A bucket is an entry in the hashtable. It contains pretty much what you would expect: A hash
h, a string key
a zval value
val. Integer keys are stored in
h (the key and hash are identical in this case), in which case the
key member will be
As you can see the zval is directly embedded in the bucket structure, so it doesn’t have to be allocated separately and we don’t have to pay for allocation overhead.
The main hashtable structure is more interesting:
The buckets (= array elements) are stored in the
arData array. This array is allocated in powers of two, with the
size being stored in
nTableSize (the minimum value is 8). The actual number of stored elements is
Note that this array directly contains the
Bucket structures. Previously we used an array of pointers to separately
allocated buckets, which means that we needed more alloc/frees, had to pay allocation overhead and also had to pay for
the extra pointer.
Order of elements
arData array stores the elements in order of insertion. So the first array element will be stored in
the second in
arData etc. This does not in any way depend on the used key, only the order of insertion matters
So if you store five elements in the hashtable, slots
arData will be used and the next free slot is
arData. We remember this number in
nNumUsed. You may wonder: Why do we store this separately, isn’t it the same
It is, but only as long as only insertion operations are performed. If an element is deleted from a hashtable, we
obviously don’t want to move all elements in
arData that occur after the deleted element in order to have a continuous
array again. Instead we simply mark the deleted value with an
IS_UNDEF zval type.
As an example, consider the following code:
$array = [ 'foo' => 0, 'bar' => 1, 0 => 2, 'xyz' => 3, 2 => 4 ]; unset($array); unset($array['xyz']);
This will result in the following
nTableSize = 8 nNumOfElements = 3 nNumUsed = 5 : key="foo", val=int(0) : key="bar", val=int(1) : val=UNDEF : val=UNDEF : h=2, val=int(4) : NOT INITIALIZED : NOT INITIALIZED : NOT INITIALIZED
As you can see the first five
arData elements have been used, but elements at position 2 (key
0) and 3 (key
have been replaced with an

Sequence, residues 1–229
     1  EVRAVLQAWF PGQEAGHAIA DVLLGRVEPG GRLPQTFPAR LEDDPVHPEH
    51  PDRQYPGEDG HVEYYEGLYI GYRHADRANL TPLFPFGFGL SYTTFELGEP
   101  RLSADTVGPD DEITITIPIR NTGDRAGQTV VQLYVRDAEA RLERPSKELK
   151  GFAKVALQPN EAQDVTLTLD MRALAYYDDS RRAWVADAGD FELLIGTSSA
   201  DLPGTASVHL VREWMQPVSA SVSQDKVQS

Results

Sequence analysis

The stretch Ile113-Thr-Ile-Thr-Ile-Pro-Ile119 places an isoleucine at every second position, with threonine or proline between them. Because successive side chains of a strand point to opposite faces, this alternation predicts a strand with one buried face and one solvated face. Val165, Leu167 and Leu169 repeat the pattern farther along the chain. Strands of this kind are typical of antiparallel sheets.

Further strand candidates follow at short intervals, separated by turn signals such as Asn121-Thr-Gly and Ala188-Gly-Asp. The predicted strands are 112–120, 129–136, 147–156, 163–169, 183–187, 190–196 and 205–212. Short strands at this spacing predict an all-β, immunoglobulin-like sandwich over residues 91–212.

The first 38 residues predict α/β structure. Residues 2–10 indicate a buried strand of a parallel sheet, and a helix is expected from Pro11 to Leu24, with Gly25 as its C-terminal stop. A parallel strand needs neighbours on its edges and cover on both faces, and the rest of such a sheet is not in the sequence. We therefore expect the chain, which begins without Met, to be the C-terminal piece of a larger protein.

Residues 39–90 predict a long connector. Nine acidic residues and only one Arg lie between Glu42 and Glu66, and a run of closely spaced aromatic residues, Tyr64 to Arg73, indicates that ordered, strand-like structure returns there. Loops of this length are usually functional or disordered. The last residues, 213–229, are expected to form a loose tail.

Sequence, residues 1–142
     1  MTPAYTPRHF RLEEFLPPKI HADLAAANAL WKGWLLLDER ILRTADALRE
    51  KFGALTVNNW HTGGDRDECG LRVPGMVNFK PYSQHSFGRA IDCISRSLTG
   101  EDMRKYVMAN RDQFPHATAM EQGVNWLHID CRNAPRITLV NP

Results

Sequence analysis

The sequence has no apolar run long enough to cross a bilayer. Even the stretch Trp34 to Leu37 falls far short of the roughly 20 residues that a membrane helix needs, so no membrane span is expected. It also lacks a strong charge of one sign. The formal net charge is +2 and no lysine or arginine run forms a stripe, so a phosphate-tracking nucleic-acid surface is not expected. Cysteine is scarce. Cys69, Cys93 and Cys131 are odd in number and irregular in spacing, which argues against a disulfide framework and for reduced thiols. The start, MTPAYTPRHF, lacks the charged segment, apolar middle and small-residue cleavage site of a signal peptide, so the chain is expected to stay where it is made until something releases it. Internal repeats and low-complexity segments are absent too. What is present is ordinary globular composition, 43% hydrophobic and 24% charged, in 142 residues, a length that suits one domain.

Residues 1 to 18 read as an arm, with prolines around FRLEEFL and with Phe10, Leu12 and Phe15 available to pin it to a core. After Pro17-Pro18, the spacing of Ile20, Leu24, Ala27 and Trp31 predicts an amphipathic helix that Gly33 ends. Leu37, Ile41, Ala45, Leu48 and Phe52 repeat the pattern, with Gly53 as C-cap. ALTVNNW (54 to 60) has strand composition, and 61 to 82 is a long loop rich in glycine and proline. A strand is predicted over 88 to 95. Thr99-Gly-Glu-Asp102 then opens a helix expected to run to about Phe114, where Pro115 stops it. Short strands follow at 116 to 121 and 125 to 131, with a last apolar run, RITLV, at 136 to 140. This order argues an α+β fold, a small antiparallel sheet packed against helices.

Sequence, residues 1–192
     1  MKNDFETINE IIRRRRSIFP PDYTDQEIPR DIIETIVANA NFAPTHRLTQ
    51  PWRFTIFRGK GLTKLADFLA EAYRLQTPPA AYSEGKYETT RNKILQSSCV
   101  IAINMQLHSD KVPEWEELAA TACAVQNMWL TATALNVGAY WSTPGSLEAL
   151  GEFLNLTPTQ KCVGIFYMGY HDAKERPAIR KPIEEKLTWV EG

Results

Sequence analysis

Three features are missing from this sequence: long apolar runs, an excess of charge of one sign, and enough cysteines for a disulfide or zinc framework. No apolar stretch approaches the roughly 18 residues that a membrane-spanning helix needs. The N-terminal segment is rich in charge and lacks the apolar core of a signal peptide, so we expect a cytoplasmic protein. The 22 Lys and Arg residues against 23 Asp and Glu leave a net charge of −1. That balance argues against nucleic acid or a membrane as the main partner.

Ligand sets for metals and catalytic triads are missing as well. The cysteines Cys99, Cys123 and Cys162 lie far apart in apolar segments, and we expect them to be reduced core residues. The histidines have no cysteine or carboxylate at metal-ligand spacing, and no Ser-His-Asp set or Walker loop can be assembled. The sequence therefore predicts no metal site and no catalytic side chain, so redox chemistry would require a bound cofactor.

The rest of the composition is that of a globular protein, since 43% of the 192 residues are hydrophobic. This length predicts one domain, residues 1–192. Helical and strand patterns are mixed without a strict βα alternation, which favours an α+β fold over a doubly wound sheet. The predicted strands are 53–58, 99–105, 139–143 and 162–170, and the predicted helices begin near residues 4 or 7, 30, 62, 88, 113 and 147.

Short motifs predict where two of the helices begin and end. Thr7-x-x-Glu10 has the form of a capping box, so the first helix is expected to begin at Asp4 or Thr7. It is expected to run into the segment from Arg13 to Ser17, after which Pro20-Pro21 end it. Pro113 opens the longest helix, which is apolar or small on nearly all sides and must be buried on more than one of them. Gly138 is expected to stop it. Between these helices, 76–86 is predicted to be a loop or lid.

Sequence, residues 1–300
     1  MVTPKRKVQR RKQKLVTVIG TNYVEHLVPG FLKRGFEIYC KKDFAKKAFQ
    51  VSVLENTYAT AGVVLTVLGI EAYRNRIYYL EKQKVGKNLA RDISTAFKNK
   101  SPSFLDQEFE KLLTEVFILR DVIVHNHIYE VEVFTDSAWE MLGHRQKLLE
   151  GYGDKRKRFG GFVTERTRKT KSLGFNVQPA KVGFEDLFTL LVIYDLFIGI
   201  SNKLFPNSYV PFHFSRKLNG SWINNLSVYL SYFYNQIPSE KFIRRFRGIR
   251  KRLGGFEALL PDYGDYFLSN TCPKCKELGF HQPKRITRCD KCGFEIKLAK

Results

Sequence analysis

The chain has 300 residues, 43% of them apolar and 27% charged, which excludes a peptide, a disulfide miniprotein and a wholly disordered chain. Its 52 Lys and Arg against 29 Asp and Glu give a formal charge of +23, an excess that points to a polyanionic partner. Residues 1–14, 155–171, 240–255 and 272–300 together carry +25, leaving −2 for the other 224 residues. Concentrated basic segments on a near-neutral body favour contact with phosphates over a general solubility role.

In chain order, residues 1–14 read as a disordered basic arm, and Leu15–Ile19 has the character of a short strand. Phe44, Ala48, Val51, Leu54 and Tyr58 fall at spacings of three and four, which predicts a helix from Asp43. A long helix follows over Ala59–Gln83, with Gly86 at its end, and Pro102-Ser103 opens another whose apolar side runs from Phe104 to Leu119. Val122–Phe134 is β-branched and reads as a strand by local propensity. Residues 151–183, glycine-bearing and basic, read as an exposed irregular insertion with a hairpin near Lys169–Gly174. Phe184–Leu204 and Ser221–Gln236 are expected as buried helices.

IS_UNDEF tombstone, because they were
unset. These elements will just remain wasted
memory for now. However, once
nTableSize PHP will try compact the
arData array, by dropping any
UNDEF entries that have been added along the way. Only if all buckets really contain a value the
arData will be
reallocated to twice the size.
The new way of maintaining array order has several advantages over the doubly linked list that was used in PHP 5.x. One obvious advantage is that we save two pointers per bucket, which corresponds to 8/16 bytes. Additionally it means that iterating an array looks roughly as follows:
This corresponds to a linear scan of memory, which is much more cache-efficient than a linked list traversal (where you go back and forth between relatively random memory addresses).
One problem with the current implementation is that
arData never shrinks (unless explicitly told to). So if you
create an array with a few million elements and remove them afterwards, the array will still take a lot of memory. We
should probably half the
arData size if utilization falls below a certain level.
Until now we have only discussed how PHP arrays represent order. The actual hashtable lookup uses the second
array, which consists of
uint32_t values. The
arHash array has the same size (
arData and both
are actually allocated as one chunk of memory.
The hash returned from the hashing function (DJBX33A for string keys) is a 32-bit or 64-bit unsigned integer, which is
too large to directly use as an index into the hash array. We first need to adjust it to the table size using a modulus